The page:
Recently, New York museums have presented retrospectives of all three of the most influential artists of Brazil’s postwar avant-garde. Lygia Clark, with her hinged-metal sculptures you can fiddle with at will, filled the top floor of the Museum of Modern Art. Lygia Pape, known for bold, participative performances and sculptures of iridescent gold filaments, appeared at the Met Breuer. And Hélio Oiticica was the man of the hour this summer at the Whitney, live birds and all.
The generation that set the stage for them, however — the one that established Modern art in Brazil in the early 1920s — has received less attention here. You’ll have to go back to the Guggenheim’s 2001 blockbuster “Brazil: Body and Soul” for the last big-ticket appearance of Modernist painters like Emiliano di Cavalcanti, Cândido Portinari and, above all, Tarsila do Amaral (1886-1973): the most popular artist of the last century in her home country, but still little known in the United States. Her mature paintings, featuring oversize bodies in flowing, stylized landscapes, provoked the modern Brazilian penchant for antropofagia, or “cannibalism,” that Clark, Oiticica and Pape would all draw from. In the art of Tarsila (like a Brazilian soccer star, she is always called by her first name), Brazil found a new cultural confidence that said goodbye to European envy and consumed Western, African and indigenous influences with equal relish.
“Tarsila do Amaral: Inventing Modern Art in Brazil,” a belated but very welcome exhibition at the Modern, at last introduces New York audiences to the painter who, more than any of her contemporaries, forged a Modernist vocabulary for the country’s art. Trained in Paris, enamored of rural Brazil, Tarsila moved quickly from folksy, idealized depictions of the New World to a brawny, confident biomorphism. Her three most important paintings have all been united in this show: “A Negra” and “Antropofagia,” on loan from museums in São Paulo, and “Abaporu,” which has traveled from Buenos Aires. (This show appeared last year at the Art Institute of Chicago; it was organized by Luis Pérez-Oramas, who recently stepped down as MoMA’s curator of Latin American art, and Stephanie D’Alessandro, now at the Met but previously at the Art Institute.)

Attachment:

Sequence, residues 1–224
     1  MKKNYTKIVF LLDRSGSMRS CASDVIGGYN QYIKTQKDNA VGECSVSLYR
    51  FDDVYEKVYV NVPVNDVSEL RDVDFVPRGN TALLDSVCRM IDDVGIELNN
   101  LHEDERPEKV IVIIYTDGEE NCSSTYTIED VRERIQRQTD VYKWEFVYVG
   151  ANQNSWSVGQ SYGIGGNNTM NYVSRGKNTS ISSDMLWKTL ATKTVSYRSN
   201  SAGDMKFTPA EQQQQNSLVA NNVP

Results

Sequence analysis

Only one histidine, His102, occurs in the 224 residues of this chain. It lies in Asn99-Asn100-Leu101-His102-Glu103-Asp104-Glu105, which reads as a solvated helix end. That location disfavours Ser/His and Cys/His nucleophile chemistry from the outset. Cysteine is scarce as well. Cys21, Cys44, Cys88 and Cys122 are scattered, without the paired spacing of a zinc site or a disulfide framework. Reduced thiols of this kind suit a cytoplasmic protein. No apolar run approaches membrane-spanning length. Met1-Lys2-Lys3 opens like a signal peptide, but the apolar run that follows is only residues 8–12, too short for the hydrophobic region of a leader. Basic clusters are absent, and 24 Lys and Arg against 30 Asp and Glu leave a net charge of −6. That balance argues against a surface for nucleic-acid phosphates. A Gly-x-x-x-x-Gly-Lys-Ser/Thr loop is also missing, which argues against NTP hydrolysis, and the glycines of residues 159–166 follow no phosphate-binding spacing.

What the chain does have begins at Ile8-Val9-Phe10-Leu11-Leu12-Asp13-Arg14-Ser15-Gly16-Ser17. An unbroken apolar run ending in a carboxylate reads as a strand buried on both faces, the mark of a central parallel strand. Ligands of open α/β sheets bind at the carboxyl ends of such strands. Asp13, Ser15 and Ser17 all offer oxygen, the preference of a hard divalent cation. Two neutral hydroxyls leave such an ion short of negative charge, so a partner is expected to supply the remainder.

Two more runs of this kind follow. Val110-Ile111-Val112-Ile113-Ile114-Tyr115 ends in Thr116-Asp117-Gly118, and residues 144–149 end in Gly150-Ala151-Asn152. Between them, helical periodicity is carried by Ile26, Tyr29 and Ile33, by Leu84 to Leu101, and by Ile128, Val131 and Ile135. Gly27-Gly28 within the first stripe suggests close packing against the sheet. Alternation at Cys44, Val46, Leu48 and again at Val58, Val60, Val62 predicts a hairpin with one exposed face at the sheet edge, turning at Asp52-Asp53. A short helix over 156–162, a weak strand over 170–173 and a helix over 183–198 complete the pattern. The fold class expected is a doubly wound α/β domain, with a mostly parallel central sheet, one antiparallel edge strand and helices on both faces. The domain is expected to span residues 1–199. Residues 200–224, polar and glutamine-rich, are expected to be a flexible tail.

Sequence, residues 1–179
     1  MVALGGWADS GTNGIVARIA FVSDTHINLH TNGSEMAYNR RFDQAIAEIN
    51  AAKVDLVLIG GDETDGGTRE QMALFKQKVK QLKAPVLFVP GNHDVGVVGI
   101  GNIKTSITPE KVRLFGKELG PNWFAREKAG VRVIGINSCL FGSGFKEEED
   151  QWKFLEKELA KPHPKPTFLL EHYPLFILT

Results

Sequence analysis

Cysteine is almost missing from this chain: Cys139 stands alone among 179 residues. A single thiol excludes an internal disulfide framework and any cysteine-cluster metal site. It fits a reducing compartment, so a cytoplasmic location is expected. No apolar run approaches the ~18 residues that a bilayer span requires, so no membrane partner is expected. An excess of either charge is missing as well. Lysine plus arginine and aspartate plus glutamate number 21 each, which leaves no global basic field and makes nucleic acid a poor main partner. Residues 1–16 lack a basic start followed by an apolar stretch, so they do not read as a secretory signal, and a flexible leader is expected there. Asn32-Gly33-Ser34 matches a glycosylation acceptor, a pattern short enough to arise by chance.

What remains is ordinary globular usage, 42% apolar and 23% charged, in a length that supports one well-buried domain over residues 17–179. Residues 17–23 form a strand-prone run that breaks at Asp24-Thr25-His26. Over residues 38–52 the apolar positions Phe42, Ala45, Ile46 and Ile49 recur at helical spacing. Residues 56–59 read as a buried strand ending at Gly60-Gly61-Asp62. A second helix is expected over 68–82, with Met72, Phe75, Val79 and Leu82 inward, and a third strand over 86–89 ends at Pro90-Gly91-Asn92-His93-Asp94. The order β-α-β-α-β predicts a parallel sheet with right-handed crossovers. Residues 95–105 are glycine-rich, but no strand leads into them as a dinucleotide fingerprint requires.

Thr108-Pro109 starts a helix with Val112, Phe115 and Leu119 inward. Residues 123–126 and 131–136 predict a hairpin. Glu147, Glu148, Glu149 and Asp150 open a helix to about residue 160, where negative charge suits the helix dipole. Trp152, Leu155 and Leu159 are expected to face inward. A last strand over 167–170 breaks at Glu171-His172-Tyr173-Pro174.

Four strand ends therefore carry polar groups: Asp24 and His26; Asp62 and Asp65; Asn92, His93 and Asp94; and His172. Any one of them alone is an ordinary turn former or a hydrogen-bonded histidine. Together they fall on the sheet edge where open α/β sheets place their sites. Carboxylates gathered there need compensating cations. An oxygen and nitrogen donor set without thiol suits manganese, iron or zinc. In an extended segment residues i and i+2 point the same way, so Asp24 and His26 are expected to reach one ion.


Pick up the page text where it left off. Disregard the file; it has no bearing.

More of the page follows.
Tarsila was born into a family of wealthy landowners on a coffee plantation outside São Paulo in 1886 — two years before the end of slavery in Brazil, the last country in the Americas to abolish it. She received an art education in São Paulo, but she found the instruction traditionalist, so she left for Paris in 1920. There she learned from Fernand Léger, whose bold colors and rounded figures would be decisive for her mature art. There is much of Léger in a 1923 academy (or nude figure study) of Tarsila’s, in which the sitter’s contoured flesh pops against a backdrop of blue, green and beige.
Paris had left her “contaminated by revolutionary ideas,” Tarsila later wrote, and, while still abroad, she would soon redeploy her French lessons in the service of a new Brazilian art. Her 1923 breakthrough, “A Negra” — “The Black Woman,” in English, though Brazilian racial taxonomies are quite different from American ones — pictures its nude subject sitting cross-legged, and her oversize feet, complete with toes of childlike chubbiness, take up much of the bottom of the composition. Her body is flattened; her right breast droops over her crossed arm; and her lips are so large that they run right off her face. Her flesh is a rusty orange, which darkens at the edges, as in Léger’s paintings. And note the background: an abstract arrangement of cool-colored stripes, indebted to Brazilian textiles but also to new European painting.